Question about long slow training

Here’s the question: several of my work friends who cycle are wanting to do a bike packing trip this summer that would be 2-3 days long, 120ish miles per day. Would such a long effort complicate my training? It would come about 3 weeks before my A race, I plan to be in the middle of Rolling Road Race HV at that point.

I’m not as worried about the 120 miles as I am the time in the saddle, as the group I would be going with is on the slow side, I’d be surprised if the days were any shorter than 8 hours. That kind of time freaks me out a little. I did a century last summer, but was going with a faster group, and finished in under 5 hours. That’s the longest I’ve ever ridden, and since I’m cat 5 currently, none of my target races are longer than 60 miles.

What are the downsides (and perhaps upsides) to spending looong, slow days in the saddle in the middle of a plan?

Typing this out, my butt is starting to ache already :slight_smile:.

Mitochondria density for fat adaptation. Thats most of the benefit and for doing it a few weeks out from an a race. Mathieu van der Poel did a training camp mid CX season doing 7 hour rides in Spain for few day keeping his heart rate under 120 bpm.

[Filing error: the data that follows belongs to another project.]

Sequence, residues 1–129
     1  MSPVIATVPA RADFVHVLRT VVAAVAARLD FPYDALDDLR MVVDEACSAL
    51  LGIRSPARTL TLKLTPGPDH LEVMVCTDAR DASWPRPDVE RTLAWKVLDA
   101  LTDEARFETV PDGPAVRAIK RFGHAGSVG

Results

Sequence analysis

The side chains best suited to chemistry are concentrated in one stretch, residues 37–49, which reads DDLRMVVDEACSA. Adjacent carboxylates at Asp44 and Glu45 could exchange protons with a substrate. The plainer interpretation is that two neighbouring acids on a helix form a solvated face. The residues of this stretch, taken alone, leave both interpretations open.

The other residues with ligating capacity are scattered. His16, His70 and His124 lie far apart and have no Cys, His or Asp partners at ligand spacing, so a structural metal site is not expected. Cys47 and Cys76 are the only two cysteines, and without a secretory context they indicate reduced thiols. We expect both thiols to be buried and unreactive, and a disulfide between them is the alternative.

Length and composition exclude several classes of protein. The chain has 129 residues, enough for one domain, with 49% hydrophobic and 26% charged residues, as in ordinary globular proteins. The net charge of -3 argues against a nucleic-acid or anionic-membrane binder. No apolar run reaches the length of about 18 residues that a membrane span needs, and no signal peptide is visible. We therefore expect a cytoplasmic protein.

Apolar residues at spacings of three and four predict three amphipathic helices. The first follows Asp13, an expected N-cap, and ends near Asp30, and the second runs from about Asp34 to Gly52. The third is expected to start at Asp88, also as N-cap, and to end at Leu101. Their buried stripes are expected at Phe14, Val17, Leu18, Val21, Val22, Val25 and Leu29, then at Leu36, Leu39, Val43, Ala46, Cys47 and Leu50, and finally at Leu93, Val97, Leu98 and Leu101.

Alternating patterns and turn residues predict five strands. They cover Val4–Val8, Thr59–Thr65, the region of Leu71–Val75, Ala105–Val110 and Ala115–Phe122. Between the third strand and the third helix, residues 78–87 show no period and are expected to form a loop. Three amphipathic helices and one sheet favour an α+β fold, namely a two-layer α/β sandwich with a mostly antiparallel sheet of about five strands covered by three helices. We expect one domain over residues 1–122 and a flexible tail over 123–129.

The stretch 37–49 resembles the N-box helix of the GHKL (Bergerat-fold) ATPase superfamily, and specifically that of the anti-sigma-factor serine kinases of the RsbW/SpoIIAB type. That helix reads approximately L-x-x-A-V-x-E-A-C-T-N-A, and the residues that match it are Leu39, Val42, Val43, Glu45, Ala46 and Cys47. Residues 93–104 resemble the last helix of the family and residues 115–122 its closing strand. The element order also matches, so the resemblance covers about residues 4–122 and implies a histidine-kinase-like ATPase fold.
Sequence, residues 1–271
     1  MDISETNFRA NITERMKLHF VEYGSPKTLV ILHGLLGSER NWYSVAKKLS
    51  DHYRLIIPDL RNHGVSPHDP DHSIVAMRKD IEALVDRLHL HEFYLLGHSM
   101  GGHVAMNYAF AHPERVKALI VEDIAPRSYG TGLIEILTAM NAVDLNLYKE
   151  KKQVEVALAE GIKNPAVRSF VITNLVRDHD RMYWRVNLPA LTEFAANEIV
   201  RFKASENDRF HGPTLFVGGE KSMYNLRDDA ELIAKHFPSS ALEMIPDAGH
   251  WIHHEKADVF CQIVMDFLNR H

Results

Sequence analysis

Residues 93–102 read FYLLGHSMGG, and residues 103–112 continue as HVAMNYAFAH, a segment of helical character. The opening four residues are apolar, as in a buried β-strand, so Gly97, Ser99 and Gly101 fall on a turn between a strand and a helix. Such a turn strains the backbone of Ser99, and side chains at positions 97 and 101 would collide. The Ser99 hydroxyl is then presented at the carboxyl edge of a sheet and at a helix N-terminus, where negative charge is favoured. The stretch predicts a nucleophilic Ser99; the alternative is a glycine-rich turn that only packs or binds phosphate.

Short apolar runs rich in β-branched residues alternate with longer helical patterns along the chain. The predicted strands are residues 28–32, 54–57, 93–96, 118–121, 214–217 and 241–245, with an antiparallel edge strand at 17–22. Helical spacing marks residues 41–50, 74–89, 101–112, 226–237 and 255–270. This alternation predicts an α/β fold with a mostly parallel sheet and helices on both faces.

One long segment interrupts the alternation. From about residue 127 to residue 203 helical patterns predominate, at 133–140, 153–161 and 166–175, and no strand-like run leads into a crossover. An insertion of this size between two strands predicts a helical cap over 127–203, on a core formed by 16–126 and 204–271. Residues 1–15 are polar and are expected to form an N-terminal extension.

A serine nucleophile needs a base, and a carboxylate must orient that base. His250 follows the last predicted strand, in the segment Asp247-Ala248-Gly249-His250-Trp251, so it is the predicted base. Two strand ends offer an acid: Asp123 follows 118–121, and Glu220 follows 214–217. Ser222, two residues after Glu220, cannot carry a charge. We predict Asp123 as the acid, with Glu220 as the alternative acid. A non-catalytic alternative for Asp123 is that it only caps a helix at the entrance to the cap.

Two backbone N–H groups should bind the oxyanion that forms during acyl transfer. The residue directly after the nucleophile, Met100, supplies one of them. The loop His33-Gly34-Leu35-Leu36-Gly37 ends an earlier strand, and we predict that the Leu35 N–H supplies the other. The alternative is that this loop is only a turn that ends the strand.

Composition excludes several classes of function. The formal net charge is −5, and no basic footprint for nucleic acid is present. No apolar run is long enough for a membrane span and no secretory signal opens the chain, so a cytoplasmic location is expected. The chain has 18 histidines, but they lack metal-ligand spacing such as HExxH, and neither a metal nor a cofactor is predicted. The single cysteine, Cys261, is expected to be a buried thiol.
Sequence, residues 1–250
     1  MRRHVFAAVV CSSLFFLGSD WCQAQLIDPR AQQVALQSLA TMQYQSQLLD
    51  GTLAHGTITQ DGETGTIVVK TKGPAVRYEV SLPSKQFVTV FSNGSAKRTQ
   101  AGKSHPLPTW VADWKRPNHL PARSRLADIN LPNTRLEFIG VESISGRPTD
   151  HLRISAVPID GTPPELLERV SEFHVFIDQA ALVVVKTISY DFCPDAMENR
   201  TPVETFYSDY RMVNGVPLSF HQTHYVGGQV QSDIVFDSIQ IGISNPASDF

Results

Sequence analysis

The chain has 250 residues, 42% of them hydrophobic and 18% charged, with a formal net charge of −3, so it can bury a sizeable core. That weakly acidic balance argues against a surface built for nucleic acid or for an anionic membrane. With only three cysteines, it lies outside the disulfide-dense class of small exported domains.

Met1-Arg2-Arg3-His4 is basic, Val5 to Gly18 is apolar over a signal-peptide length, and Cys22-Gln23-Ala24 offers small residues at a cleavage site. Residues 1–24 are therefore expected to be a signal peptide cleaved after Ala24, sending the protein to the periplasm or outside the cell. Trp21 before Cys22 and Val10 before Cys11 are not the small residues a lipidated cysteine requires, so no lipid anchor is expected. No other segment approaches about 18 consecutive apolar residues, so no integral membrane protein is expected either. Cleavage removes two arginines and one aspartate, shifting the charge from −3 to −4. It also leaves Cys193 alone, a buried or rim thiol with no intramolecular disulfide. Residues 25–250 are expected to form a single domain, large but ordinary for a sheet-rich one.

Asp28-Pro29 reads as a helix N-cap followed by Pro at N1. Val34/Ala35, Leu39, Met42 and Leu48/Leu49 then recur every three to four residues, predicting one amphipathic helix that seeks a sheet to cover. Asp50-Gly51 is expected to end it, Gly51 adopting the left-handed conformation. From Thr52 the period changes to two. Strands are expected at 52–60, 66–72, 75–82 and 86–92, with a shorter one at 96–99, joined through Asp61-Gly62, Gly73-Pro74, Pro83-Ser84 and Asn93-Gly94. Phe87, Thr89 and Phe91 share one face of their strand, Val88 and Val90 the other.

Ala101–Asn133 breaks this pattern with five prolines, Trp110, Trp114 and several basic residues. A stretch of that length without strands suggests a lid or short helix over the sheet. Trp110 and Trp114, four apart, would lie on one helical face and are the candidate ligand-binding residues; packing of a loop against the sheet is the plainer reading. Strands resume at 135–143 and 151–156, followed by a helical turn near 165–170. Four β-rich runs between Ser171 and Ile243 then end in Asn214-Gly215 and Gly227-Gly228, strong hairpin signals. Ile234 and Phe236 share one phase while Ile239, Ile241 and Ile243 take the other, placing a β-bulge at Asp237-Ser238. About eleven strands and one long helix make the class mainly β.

As for the downside you miss intensity and you have to work around the tss a bit to fit it in.

Just take a few days off after and then drop back in to the plan.

You’ll be fine and that far out is probably ideal, truth be told. If the intensity is truly low and you’re able to stay disciplined, take a rest day or two, then an easy day and then jump back into things to sharpen up. You’re probably looking at 800-900 TSS for those three days and your A race will likely benefit from the extra endurance provided you’re not burying yourself, and if you do, that’s fine, just listen to your body and take the time off you really need. Don’t take more than 2 days completely off though, even if you feel ragged, on day 3 ride some, even if it’s just an hour easy. This will prevent your body from getting to physiologically depressed and getting into a recovery slump.